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“You have a lot of enemies on this site“

LOL!
You think this classic gaslighting technique will have any effect on the Swirly One? Do you not read her posts?!!!

May as well try to tell her she needs to enter into an abusive domestic relationship with you because she has no friends and you are not one of her enemies.

Carry on, cupcake.

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When Framingham becomes the new Revere Beach

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...resistance from vocal minorities worried about their private property rights and the impact on local character

Clearly, what Xerxes I should have done was sue the Hellespont for damages

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developers who built and people who willingly bought in places like the seaport within the last 10 shouldn't get to benefit from public funds when they made poor, profit-driven choices in the face of overwhelming scientific evidence.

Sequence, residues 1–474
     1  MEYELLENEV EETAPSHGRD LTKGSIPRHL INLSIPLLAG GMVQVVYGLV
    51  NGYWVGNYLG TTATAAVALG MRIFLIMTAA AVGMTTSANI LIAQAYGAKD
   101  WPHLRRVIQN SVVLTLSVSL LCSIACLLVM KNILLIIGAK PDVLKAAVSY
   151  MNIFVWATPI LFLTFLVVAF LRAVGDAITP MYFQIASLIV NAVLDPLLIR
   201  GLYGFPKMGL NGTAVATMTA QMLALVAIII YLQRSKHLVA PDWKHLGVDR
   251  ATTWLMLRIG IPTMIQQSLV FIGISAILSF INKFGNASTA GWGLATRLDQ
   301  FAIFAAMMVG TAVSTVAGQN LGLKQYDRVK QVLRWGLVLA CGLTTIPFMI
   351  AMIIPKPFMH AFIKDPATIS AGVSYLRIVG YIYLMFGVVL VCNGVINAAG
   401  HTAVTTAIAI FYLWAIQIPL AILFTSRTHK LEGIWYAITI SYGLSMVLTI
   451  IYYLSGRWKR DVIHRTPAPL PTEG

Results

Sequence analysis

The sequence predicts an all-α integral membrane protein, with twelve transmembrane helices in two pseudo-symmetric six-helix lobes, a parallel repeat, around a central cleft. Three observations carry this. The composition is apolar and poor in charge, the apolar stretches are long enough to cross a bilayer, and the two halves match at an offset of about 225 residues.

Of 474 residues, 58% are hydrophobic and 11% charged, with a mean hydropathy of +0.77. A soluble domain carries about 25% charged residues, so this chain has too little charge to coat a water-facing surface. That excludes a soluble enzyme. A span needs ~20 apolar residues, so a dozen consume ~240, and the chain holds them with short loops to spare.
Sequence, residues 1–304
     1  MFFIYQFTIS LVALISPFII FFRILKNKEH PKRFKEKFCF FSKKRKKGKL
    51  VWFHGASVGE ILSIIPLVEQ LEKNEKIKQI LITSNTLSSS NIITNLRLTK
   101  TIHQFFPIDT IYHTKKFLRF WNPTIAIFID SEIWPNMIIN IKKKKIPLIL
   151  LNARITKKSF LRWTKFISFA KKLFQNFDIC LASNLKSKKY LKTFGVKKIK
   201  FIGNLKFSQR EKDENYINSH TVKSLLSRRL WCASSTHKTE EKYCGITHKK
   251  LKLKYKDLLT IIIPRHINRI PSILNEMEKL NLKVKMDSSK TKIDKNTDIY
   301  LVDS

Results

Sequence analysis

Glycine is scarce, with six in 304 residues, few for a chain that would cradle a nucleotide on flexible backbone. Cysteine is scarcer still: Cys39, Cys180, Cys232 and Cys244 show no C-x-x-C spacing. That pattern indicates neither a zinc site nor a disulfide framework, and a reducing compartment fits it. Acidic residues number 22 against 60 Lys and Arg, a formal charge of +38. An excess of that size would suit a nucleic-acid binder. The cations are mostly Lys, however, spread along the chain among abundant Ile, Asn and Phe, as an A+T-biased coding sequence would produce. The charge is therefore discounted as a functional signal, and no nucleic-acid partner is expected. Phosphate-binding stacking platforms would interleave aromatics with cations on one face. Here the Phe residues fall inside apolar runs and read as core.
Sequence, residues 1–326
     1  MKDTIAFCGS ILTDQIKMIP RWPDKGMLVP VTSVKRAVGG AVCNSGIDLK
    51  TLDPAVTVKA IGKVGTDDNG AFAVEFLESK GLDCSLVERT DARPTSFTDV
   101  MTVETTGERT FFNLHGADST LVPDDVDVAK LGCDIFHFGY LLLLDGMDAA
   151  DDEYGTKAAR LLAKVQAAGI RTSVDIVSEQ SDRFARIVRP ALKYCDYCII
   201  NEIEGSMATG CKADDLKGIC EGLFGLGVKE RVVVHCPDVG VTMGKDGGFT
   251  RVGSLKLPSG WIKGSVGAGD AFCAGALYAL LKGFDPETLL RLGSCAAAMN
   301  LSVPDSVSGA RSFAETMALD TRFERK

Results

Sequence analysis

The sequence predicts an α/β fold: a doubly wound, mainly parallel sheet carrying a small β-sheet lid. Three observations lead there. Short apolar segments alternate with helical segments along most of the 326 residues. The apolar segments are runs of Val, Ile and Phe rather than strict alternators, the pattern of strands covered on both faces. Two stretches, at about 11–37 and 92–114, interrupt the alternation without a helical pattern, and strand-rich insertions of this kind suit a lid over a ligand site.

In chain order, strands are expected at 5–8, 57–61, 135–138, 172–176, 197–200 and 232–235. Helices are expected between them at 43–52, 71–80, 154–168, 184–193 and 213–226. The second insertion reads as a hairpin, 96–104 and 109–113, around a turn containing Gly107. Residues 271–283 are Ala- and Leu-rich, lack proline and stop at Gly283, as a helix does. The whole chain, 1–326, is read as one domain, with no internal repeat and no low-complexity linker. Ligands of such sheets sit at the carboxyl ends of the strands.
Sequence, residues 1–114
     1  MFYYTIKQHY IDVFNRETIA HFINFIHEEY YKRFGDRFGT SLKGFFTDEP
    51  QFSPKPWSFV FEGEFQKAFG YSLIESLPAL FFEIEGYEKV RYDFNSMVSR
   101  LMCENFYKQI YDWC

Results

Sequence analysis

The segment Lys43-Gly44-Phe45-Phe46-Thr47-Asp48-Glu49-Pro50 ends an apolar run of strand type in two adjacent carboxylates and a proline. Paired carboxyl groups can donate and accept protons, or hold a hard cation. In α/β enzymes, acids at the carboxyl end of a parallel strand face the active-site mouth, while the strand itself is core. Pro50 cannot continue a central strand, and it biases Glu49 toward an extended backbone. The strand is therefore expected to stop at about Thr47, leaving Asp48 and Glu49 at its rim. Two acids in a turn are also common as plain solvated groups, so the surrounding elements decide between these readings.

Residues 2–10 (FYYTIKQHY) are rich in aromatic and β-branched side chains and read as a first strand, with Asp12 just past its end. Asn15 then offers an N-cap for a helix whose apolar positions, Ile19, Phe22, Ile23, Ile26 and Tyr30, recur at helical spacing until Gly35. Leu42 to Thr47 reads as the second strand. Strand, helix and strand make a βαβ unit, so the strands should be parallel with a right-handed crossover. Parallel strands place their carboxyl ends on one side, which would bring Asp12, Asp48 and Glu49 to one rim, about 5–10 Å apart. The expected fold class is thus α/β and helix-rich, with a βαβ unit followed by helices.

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The violence waves will chase people out sooner than the sea.

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Sure they will, cupcake.

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My first morning chuckle.

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Institutes answer: After years of resistance to the idea of moving back from their shorelines, recent studies find, those municipalities are starting to reconsider.

“More and more people are embracing it and it is just becoming more of a standard option and actually being implemented, though somewhat sporadically,” said Richard Murray, deputy director and vice president for science and engineering at the Woods Hole Oceanographic Institution. “But when those of us who were first talking about it mentioned it, it was not well received at all.”